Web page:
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With the steady flow of settlers into Indian controlled land, Eastern newspapers published sensationalized stories of cruel native tribes committing widespread massacres of hundreds of white travelers. Although some settlers lost their lives to American Indian attacks, this was not the norm; in fact, Native American tribes often helped settlers cross over the Plains. Not only did the American Indians peddle wild game and other supplies to travelers, but they served as guides and messengers between wagon trains as well. Despite the genial natures of the American Indians, settlers still anticipated the possibility of an attack.
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To calm these concerns, in 1851 the U.S. government held a conference with several local Indian tribes and established the Treaty of Fort Laramie. Under this treaty, each Native American tribe accepted a bounded territory, allowed the government to construct tracks and forts in this territory and agreed never to attack settlers; in return the federal government agreed to honor the boundaries of each tribe’s territory and make gross payments to the Indians. The Native American tribes responded quietly to the treaty; in fact the Cheyenne, Sioux, Crow, Arapaho, Assinibione, Mandan, Gros Ventre and Arikara tribes, who signed the treaty, even consented to end the hostilities between their tribes in order to accept the conditions of the treaty.
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This peaceful agreement between the U.S. government and the Native American tribes did not hold very long. After hearing reports of fertile terrain and great mineral wealth in the West, the government soon broke their assurances established in the Treat of Fort Laramie by permitting thousands of non-Indians to flood into the area. With so many newcomers moving west, the federal government established a policy of restricting Native Americans to reservations, limited swaths of land within a group’s territory “” earmarked exclusively for Indian use, in order to offer more property for “” non-Indian settlers.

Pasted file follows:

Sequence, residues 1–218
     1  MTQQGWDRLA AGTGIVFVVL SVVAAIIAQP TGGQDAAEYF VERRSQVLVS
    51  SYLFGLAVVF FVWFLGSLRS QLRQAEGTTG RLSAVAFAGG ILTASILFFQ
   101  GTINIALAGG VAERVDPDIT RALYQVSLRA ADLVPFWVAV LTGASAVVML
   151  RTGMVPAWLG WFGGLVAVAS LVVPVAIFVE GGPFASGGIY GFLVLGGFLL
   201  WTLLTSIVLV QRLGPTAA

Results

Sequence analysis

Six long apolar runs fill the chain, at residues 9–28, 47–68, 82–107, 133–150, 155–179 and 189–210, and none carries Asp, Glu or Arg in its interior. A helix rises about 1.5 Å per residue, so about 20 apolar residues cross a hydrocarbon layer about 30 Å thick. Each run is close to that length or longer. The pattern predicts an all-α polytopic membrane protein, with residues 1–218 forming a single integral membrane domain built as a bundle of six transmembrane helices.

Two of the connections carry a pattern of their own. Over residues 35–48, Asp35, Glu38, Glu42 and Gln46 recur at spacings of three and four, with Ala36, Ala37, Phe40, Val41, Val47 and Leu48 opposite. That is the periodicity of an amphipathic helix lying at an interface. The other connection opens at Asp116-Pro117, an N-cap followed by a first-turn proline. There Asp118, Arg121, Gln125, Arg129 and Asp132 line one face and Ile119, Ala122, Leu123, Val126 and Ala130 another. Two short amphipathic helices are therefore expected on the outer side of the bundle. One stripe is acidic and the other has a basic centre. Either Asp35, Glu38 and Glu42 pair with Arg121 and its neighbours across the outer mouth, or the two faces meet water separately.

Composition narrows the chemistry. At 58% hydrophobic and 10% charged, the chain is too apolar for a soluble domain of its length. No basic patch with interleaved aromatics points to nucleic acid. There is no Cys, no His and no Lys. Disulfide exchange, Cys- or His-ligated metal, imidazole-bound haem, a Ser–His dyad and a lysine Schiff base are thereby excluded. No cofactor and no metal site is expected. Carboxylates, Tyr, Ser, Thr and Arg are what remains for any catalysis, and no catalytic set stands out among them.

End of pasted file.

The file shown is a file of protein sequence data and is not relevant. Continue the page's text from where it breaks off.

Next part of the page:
In a series of new treaties the U.S. government compelled Native Americans to surrender their land and migrate to reservations in exchange for protection from attacks by white settlers. In addition, the Indians were given a yearly payment that would include cash in addition to food, livestock, household goods and agricultural tools. These reservations were established in an attempt to clear the way for heightened U.S. growth and administration in the West, as well as to keep the Native Americans separate from the whites in order to reduce the potential for friction.
History of the Plains Indians
These accords had many challenges. Most importantly many of the native people didn’t entirely grasp the document that they were confirming or the conditions within it; moreover, the treaties did not acknowledge the cultural norms of the Native Americans. In addition to this, the government bureaus responsible for administering these policies were weighed down with poor management and corruption. In fact many treaty provisions were never carried out.
The U.S. government almost never fulfilled their side of the agreements even when the Native Americans relocated quietly to their reservations. Unethical bureau agents sometimes sold the supplies that were intended for the Indians on reservations to non-Indians. Additionally, as settlers required more property in the West, the government constantly cut the size of the reservations. By this time, many of the Native American people were unhappy with the treaties and angered by the settlers’ persistent demands for land.
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Angered by the government’s dishonest and unfair policies, some Native American tribes, including bands of Cheyennes, Arapahos, Comanches and Sioux, battled back. As they fought to maintain their lands and their tribes’ survival, over a thousand skirmishes and battles broke out in the West between 1861 and 1891. In an effort to push Native Americans onto the reservations and to end the violence, the U.S. government responded to these conflicts with significant military operations. Clearly the U.S. government’s Indian policies were in need of a change.
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Native American policy shifted considerably after the Civil War. Reformers believed that the policy of forcing Native Americans onto reservations was far too harsh even though industrialists, who were concerned with their property and resources, considered assimilation, the cultural absorption of the American Indians into “white America” to be the single long-term means of assuring Native American survival. In 1871 the federal government enacted a critical law proclaiming that the United States would not treat Native American tribes as autonomous nations.